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Ukrainian Grivko riding Tour for peace back home

  • By VeloNews.com
  • Published Jul. 21, 2014
  • Updated Oct. 31, 2014 at 6:12 PM EST
Andriy Grivko says that, while he is riding in support of teammate Vincenzo Nibali, he also represents his troubled home country, Ukraine, at the Tour. Photo: Tim De Waele | TDWsport.com

TALLARD, France (AFP) — Andriy Grivko, the only Ukrainian rider in this year’s Tour de France, says his presence is essential to convey a message of peace back to his homeland.

Grivko, speaking after Malaysia Airlines flight MH17 was shot down over the rebel-controlled east of Ukraine, insisted that fault for that “terrorist act” lies squarely with the Russian government, led by president Vladimir Putin.

Ukraine has been embroiled in a bitter civil war since Russian-backed separatists gained control of Crimea in late February.

A snap referendum on March 11 saw Crimean citizens vote for independence from Ukraine, although Grivko claims those who wanted to remain part of Ukraine were prevented from voting.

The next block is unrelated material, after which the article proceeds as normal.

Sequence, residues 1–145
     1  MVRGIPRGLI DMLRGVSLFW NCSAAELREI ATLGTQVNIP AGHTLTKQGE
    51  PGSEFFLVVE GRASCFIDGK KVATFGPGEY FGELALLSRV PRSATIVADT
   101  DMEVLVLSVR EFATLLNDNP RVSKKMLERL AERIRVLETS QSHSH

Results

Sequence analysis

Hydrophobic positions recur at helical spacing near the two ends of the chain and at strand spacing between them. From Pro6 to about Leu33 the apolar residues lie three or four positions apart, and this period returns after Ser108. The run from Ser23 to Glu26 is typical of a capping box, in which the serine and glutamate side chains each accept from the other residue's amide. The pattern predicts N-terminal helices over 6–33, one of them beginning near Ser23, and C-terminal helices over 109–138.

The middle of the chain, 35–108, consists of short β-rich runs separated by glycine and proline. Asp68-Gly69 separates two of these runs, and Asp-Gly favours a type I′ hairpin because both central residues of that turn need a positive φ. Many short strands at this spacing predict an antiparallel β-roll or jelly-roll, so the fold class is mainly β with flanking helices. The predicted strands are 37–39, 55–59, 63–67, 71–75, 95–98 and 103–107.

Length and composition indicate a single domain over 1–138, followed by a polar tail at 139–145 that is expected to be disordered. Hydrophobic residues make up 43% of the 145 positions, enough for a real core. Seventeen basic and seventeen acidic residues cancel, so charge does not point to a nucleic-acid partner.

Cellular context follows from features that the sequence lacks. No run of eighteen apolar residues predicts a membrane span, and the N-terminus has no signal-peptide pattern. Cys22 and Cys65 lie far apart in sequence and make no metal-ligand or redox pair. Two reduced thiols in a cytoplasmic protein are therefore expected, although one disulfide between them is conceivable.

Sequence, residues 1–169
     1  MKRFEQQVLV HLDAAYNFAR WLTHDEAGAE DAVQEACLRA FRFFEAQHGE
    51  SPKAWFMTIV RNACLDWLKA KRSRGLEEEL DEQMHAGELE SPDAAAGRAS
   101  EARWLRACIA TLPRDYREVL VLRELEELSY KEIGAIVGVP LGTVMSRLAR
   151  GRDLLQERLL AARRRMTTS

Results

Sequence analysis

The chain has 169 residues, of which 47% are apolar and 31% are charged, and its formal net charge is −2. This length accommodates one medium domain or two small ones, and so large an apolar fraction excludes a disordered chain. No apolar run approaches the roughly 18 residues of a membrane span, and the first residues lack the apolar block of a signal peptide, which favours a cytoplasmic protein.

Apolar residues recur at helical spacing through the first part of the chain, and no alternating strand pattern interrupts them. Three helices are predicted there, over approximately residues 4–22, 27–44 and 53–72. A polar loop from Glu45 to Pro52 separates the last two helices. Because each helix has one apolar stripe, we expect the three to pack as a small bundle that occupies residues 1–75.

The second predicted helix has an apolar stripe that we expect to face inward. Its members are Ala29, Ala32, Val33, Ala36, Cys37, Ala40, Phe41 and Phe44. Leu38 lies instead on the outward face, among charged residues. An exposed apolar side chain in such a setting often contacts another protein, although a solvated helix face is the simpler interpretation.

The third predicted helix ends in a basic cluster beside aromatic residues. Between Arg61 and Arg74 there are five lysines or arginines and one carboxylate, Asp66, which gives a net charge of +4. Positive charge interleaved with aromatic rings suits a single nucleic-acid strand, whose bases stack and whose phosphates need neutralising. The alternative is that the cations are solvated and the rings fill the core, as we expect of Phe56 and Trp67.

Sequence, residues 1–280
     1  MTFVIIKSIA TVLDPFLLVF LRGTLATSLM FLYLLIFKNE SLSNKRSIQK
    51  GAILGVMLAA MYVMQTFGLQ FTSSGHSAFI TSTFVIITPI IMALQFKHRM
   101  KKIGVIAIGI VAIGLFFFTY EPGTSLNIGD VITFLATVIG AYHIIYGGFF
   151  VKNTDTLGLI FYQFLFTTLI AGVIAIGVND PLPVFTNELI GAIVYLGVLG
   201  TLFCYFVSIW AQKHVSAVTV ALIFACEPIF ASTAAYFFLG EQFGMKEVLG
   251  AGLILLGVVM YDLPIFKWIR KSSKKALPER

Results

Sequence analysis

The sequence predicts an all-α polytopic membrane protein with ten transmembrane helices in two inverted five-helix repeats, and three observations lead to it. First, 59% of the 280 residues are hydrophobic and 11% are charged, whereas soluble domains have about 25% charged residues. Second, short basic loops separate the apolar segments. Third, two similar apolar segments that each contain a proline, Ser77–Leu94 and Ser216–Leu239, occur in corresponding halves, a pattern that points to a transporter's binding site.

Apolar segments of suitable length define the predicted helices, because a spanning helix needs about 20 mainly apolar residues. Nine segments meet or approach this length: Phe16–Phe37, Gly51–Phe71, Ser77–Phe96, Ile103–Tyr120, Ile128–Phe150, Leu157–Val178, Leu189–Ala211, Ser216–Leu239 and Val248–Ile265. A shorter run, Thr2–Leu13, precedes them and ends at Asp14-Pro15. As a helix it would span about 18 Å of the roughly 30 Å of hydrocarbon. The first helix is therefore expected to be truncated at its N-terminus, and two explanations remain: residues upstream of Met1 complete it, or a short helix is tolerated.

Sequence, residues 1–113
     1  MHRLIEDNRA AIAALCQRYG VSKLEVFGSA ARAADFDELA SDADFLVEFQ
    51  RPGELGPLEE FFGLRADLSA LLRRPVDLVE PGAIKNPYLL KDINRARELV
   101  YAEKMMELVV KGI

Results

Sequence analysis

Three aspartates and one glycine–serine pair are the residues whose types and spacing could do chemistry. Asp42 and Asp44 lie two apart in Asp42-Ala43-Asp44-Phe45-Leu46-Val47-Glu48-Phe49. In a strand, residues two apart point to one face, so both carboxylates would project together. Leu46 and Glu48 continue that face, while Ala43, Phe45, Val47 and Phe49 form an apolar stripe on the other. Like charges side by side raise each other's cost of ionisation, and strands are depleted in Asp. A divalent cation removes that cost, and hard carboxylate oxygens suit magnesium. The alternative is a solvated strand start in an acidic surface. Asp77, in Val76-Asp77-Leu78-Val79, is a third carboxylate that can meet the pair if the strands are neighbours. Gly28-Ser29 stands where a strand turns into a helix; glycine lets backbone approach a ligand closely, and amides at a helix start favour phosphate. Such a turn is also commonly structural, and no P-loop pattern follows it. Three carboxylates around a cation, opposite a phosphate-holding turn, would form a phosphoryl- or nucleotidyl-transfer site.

The 30-year-old, a native of Crimea, rides for Astana, alongside race leader Vincenzo Nibali, and he hopes his presence at the front of the peloton marshaling the Italian can have a positive effect back in his homeland.

“I feel a bit alone to tell the truth, but it’s important that I’m here on the Tour to carry a message of peace,” he told Sunday’s edition of l’Equipe.

“Above and beyond my work for Vincenzo, I see my presence on the Tour as a mission.”

But Grivko cannot help but get down about the events back home.

His parents and sister still live in Simferopol, where he was born, in Crimea, and he is sad to see how they are suffering since the events of last March.

“It’s hard to concentrate on cycling when you know your family is still over there,” he said. “I’ve tried to speak to them regularly since the start of the Tour. I found out my sister was fighting to refuse the Russian passport they’re trying to impose on all inhabitants.

“The Russian dictatorship is being implanted in my country while I’m pedaling the roads of France.”

Grivko was eight years old when the old Soviet Union broke up and Ukraine became a separate and independent country.

But he says that was only on paper. “I remember that everyone thought that we would finally have freedom. But already back then they were lying to us.

“They made us think that we would no longer be associated with Moscow, but not much has changed in the last 20 years.”

This year is Grivko’s seventh Tour de France. He is also a five-time national time trial champion, and won Ukraine’s national road race championships in 2012.

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